New pretty pearly buttons on the left and the original old faded ones on the right
I spent a huge part of Tuesday making minor repairs to a pile of vintage and secondhand pieces that I've amassed and couldn't wear because of a few tiny defects. As I was sewing and darning away, I thought of my grandma who taught me my first chain stitch when I was six and the many sewing and crocheting projects that followed when I was sent to spend time with her on the farm during the school holidays.
I hated doing them then. I wanted to be outside teasing the farmyard animals and climbing trees. Looking back now, I'm glad my grandma tried making some semblance-of-a-girl out of a goose-chasing tomboy for my cheap secondhand store-shopping habit could have turned out to be an expensive one if I didn't have basic sewing know-how - the lovely Shanghainese gentleman that I take major alterations to (my grandma's old sewing machine gnawed my fingers once and I've never been near one since) is a superb tailor and his fees sure reflect his skill level.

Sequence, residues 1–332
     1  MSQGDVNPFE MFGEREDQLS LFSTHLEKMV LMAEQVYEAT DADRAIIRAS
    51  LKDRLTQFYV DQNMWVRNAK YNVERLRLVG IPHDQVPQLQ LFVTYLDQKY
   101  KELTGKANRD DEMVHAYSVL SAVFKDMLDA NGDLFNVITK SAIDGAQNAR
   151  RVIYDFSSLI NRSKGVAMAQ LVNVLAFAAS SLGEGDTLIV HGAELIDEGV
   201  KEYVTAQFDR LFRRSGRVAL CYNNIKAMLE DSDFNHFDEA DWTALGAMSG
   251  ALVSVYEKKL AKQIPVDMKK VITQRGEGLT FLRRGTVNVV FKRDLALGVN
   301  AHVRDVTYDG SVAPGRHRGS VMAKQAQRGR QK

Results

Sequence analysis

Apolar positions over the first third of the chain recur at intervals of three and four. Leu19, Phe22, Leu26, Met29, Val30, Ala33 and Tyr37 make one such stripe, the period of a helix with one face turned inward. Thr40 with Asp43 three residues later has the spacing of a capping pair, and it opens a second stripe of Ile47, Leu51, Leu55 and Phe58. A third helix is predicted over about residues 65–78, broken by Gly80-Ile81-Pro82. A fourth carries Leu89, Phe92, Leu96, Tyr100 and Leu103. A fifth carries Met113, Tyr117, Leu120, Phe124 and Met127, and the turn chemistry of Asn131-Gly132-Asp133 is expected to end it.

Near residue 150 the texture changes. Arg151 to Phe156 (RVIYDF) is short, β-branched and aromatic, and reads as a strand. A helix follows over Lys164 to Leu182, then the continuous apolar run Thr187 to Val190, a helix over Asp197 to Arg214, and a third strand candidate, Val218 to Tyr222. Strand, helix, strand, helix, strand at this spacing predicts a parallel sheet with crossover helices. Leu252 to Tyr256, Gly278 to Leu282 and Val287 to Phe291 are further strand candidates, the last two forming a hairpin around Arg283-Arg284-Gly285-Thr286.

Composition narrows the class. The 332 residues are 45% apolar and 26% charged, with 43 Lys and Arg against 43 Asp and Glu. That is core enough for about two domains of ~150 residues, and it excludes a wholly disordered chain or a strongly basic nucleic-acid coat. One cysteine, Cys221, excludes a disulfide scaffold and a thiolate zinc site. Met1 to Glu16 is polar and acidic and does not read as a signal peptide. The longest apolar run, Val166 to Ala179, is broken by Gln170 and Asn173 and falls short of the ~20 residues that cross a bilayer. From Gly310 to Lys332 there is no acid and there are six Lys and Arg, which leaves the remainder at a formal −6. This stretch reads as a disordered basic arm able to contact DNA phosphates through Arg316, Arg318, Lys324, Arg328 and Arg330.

Anyway, thought I'd share some of grandma's tips...
Floppy buttons (see old button in first photo) are ugly unless they are on clothes of a thicker fabric and need the extra room to fasten properly.
To help your buttons stay as pert as bits of the female anatomy on a cold cold day, always finish with a few tight loops of the thread at the base after the few "attaching" stitches.
After replacing the buttons, I noticed that the stitches around two out of the five buttonholes on this flouncy 1970s prairie dress were not there and the holes were starting to fray a little.
I used a blanket stitch here (lower buttonhole). It's not as fine as the original machine-stitched one (top hole)...hmmm, might go unpick all of them now, both old and new, and do them in threads of contrasting colours.